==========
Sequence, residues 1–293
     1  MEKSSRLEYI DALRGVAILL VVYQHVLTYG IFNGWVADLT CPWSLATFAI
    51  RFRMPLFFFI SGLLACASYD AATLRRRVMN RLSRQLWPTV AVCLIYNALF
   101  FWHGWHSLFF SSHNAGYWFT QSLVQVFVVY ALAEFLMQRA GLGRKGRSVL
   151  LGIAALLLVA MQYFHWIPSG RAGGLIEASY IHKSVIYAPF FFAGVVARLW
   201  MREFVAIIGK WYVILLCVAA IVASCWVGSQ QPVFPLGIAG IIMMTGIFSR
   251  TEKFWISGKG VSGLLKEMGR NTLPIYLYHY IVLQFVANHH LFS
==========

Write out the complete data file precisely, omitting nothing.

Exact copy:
Sequence, residues 1–293
     1  MEKSSRLEYI DALRGVAILL VVYQHVLTYG IFNGWVADLT CPWSLATFAI
    51  RFRMPLFFFI SGLLACASYD AATLRRRVMN RLSRQLWPTV AVCLIYNALF
   101  FWHGWHSLFF SSHNAGYWFT QSLVQVFVVY ALAEFLMQRA GLGRKGRSVL
   151  LGIAALLLVA MQYFHWIPSG RAGGLIEASY IHKSVIYAPF FFAGVVARLW
   201  MREFVAIIGK WYVILLCVAA IVASCWVGSQ QPVFPLGIAG IIMMTGIFSR
   251  TEKFWISGKG VSGLLKEMGR NTLPIYLYHY IVLQFVANHH LFS